What is Parkinson's or Parkinson's disease?
Parkinson's disease is a disorder of the nervous system, where neurons are affected in a particular area of the brain responsible for dopamine production, which leads to a series of disturbing symptoms, where tremor begins gradually until the patient loses control of movement.
What exposes a person to Parkinson's disease?
Some risk factors expose one person more than the others to develop Parkinson's disease, including:
1- Ageing; as a person ages, the greater the risk of developing Parkinson's, and the symptoms often begin to appear at the age of 60 or older.
2- Genetic factor or genetic predisposition; the presence of a family member with Parkinson's increases the likelihood that another person from the same family will develop Parkinson's as well.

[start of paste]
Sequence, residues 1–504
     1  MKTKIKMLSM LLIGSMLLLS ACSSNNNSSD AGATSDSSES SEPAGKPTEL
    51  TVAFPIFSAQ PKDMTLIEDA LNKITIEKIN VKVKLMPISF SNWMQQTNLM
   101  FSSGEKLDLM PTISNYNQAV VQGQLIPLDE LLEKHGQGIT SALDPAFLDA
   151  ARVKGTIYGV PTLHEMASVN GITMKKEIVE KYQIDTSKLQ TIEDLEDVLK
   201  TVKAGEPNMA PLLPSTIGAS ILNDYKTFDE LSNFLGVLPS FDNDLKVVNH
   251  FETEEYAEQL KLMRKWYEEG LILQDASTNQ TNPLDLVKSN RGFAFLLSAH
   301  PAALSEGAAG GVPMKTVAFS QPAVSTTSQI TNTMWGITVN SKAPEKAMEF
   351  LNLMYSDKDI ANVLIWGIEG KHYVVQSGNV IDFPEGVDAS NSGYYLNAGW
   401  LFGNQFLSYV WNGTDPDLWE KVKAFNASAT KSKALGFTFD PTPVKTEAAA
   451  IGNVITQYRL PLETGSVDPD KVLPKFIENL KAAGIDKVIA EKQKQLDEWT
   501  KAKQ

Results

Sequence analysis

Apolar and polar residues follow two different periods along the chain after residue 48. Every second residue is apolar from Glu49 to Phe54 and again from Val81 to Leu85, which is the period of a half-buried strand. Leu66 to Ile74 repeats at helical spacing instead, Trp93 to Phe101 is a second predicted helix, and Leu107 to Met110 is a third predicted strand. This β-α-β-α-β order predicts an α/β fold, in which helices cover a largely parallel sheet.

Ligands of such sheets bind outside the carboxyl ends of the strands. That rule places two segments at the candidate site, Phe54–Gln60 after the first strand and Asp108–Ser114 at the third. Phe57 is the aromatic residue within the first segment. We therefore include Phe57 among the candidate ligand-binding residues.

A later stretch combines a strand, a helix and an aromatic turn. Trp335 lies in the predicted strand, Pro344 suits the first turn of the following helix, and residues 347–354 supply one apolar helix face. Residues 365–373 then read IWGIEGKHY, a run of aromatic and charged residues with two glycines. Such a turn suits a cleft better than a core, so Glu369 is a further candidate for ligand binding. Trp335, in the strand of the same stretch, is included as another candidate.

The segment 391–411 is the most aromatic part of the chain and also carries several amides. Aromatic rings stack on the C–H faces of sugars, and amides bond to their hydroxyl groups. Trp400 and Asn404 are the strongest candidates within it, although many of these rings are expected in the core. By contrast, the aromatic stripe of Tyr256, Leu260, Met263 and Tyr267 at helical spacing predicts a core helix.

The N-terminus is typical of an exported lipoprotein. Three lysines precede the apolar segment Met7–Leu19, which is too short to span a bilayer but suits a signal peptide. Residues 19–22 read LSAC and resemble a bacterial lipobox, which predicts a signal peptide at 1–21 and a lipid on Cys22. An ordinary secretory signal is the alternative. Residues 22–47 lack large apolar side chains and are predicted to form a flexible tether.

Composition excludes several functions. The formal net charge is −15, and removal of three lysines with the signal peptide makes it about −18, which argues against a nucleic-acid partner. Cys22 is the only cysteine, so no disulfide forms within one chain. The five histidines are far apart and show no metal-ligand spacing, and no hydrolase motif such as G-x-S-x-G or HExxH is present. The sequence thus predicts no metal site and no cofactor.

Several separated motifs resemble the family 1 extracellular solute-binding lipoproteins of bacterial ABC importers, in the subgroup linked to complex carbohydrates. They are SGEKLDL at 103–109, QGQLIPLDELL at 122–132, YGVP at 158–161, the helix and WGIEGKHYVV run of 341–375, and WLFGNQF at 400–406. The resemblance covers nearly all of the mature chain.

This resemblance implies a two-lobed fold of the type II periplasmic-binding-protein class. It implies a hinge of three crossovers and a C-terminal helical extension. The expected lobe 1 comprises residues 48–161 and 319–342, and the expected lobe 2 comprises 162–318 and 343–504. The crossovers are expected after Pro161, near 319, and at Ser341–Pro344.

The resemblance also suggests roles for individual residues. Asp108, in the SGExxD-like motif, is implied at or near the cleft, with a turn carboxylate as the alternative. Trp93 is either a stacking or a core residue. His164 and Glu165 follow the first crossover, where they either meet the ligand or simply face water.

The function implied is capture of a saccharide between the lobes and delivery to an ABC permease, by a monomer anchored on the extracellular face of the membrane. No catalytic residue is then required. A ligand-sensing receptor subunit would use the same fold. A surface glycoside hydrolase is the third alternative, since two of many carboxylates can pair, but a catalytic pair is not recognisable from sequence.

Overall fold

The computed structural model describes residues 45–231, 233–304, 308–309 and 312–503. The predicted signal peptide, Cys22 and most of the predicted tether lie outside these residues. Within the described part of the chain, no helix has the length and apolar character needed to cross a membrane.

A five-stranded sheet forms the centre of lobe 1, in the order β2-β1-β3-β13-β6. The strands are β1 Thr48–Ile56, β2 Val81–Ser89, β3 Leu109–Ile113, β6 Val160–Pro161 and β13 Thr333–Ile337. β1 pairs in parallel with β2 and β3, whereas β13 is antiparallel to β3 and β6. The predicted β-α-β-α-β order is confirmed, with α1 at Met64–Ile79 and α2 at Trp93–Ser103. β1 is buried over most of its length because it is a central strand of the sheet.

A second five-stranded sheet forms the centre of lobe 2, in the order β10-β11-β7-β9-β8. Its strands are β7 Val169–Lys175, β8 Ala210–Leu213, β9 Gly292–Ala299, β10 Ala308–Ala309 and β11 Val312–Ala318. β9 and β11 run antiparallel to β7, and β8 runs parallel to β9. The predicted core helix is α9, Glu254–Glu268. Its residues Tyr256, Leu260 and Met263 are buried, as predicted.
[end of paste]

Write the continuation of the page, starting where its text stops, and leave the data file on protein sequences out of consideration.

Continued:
3- Being a man increases the risk of Parkinson's disease, as men are more likely than women to develop Parkinson's disease.
4- Exposure to toxic substances such as pesticides and agricultural pesticides may increase the likelihood of Parkinson's disease.
Symptoms of Parkinson's disease:
1- Shaking or tremors that most likely occur in the fingers and hands.
2- The patient will suffer from the slowness of movements, as it takes a long time to perform some simple tasks.
3- The patient may experience a balance problem, as well as a stooped posture.
4- The patient may suffer from stiffness and muscle pain that leads to limiting the range of movement of the body.
5- The patient's ability to perform involuntary movements such as moving the arms while walking, smiling, or even blinking will be reduced.
6- The patient will have difficulty with the writing patterns, as the movement of the hand allows writing in a smaller size than usual.
7- The pattern of speech will also change.
In case of a person suffering from one or more of the symptoms previously mentioned then a consultation with a neurologist is a must to perform the necessary tests and start with the appropriate treatment.